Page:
I have repeatedly tried to point out to Harold Doherty that far from protecting autistic people, his views of us actually endanger a good many of us. In the service of his cause (silencing the voices of autistic self-advocates, as far as I can tell), he has trotted out the old and dangerous myth that anyone capable of communicating a desire to remain autistic is, in fact, oblivious to the realities of self-injury, institutionalization, running into the street, and so forth.
In response to his post about the supposed “siren call” of neurodiversity advocates, I wrote a reply that among other things acknowledged the reality of autistic people who are considered severely disabled (that’s a classification I officially belong to), and the experiences we go through, but proposed another way of looking at this.
In addition to failing to post my comment, he has written a further response that went:
The reality which you are unable to acknowledge is that a great number of autistic persons ARE severely disabled. The existence of some highly skilled, high functioning autistic persons does not in any way change the fact that many autistic persons are severely disabled. The neurodiversity movement does not acknowledge or even admit that reality.
So, I acknowledge that some autistic people are severely disabled, he fails to acknowledge that comment by deleting it, posts something as if that comment never existed, and then tells the world that neurodiversity advocates are the ones failing to acknowledge something?
I know what he is failing to acknowledge:
One side-effect of the myth that only autistic people who cannot currently discuss being autistic in English are severely disabled, is that autistic people who can discuss being autistic in English die. There is no nice way of describing that. Policy ends up being made by people who listen to people like him. People judge our ability to do other things by our ability to talk or write, sometimes without even bothering to determine what those other things are. People who can talk or write or hold jobs or whatever are turned down for assistance that would allow them to survive. The lucky ones find that assistance in some other way. The unlucky ones go through things like starvation, homelessness, institutionalization, and death.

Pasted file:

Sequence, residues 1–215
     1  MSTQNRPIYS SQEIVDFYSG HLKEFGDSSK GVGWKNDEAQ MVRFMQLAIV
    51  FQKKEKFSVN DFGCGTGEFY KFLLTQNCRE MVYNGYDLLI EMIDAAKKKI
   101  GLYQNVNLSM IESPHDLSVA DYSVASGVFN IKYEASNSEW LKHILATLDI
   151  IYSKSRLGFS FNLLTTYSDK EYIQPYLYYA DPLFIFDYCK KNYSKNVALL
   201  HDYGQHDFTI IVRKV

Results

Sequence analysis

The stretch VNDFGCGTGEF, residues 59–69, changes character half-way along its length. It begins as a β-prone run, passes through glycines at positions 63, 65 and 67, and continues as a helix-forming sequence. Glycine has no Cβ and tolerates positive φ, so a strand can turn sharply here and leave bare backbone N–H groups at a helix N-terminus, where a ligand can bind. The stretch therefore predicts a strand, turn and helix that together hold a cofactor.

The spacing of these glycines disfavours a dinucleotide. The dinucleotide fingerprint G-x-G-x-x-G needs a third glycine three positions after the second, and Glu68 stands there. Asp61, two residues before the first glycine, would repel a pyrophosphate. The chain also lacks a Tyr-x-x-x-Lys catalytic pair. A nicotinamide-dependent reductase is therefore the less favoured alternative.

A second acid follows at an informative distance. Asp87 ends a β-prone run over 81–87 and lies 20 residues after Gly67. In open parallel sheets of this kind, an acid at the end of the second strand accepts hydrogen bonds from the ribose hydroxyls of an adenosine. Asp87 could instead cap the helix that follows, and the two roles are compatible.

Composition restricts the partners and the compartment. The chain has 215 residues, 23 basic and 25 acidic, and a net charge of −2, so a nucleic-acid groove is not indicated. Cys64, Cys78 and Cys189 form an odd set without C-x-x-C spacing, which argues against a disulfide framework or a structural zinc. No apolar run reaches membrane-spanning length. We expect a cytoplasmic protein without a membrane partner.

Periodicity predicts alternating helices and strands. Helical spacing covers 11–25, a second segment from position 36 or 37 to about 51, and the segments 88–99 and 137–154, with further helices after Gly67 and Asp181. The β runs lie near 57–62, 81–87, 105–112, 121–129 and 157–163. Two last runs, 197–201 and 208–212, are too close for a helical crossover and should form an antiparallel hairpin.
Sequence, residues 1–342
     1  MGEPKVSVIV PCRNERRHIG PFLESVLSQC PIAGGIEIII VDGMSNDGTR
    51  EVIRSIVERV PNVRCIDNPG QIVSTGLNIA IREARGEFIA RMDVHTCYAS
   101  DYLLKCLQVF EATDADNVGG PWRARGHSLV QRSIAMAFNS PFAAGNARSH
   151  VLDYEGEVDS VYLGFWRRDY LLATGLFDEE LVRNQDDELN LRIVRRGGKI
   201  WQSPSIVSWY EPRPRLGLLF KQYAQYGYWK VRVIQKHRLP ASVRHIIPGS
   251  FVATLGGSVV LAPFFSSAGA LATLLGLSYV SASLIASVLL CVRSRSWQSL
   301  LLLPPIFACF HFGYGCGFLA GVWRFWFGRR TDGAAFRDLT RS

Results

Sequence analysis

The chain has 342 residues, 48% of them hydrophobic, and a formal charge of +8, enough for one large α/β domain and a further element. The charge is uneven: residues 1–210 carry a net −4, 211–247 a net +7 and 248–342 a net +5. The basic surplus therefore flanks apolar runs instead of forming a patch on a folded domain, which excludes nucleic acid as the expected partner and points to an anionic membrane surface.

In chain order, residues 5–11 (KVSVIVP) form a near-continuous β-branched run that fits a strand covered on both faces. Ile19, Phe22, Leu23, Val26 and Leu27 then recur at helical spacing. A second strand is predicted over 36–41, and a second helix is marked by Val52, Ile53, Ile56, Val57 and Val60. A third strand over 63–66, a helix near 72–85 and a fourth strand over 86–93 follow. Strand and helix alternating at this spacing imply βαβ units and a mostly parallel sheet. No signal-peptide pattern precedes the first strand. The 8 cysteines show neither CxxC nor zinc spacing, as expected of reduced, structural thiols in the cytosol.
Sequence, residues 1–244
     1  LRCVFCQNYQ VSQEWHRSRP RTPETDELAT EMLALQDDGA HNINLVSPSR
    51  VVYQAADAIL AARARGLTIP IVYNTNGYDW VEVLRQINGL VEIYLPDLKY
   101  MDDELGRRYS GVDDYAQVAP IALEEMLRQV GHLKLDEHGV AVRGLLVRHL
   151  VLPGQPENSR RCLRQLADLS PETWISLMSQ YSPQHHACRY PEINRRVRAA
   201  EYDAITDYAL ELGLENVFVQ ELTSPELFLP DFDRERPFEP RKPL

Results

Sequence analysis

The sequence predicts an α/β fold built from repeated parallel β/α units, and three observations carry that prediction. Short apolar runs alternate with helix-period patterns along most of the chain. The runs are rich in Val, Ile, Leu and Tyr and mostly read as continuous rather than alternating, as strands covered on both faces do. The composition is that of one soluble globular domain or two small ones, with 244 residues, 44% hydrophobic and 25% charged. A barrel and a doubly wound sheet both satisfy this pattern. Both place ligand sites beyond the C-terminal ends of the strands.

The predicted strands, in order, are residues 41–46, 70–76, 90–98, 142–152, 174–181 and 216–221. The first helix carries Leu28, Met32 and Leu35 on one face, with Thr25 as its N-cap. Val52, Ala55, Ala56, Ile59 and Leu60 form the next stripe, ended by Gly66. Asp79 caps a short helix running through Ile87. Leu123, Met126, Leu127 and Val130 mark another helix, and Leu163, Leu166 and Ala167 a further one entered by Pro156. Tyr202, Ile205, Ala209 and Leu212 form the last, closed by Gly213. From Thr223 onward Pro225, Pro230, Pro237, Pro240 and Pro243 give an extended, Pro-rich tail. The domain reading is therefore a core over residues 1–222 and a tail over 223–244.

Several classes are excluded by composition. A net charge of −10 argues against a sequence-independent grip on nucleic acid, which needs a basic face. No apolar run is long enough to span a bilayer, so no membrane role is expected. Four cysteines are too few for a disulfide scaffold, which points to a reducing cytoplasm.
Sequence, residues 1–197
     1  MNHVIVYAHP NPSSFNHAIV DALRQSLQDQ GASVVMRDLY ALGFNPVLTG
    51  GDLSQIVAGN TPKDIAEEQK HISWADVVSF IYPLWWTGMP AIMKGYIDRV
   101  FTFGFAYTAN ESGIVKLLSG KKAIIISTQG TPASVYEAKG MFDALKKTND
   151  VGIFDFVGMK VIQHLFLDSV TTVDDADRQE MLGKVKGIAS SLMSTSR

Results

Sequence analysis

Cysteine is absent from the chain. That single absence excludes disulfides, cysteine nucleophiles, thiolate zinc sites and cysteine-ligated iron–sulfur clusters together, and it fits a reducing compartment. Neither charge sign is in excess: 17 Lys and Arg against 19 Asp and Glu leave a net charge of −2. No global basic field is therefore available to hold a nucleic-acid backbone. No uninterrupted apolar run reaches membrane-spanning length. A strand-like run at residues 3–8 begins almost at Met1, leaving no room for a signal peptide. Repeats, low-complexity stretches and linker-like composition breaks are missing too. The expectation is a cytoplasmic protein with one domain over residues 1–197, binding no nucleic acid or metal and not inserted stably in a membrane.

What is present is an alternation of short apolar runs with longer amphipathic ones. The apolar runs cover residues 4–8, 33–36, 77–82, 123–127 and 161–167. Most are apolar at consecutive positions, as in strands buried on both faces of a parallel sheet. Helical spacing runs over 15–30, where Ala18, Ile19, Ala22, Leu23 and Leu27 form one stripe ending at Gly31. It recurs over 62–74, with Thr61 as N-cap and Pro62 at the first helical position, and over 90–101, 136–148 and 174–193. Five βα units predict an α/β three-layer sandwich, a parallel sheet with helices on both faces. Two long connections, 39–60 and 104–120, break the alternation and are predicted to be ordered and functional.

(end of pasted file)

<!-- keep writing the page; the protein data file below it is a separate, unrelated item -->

I wrote To the Kit Weintraubs of the World a couple of years ago, in response to Kit Weintraub spreading similar stereotypes. I don’t need the exact same assistance now as I did then (in part because I live in a more autistic-accessible environment at the moment), but the point still stands, and the Kit Weintraubs and the Harold Dohertys of the world would do well to actually listen to this rather than find some way to dismiss it, ignore it, fail to print it, and fail to acknowledge it.
Or maybe, to them, the lives of autistic people who can oppose their viewpoints in a way they can’t deny are less valuable. I can’t discount the possibility. Maybe if we all just starved to death without any services because we couldn’t possibly be severely disabled enough to need any, we could stop doing things like trying to affect policy and ethics surrounding autistic and other disabled people. Maybe we’re just too inconvenient for anyone to acknowledge — and maybe the fact that we are committed to building a world in which people of all disability classifications are able to live full lives regardless of what classification they happen to fall into, will get swept under the rug so long as they keep claiming that we don’t live the lives we lead or hold the views we hold. Whatever it is, they sure don’t want to listen to us.
For more on this topic, read Autism Advocates Do Not Take Autism Seriously. One has to wonder, at any rate, why so many so-called “autism advocates” are so dedicated to trampling on the autistic self-advocacy movement.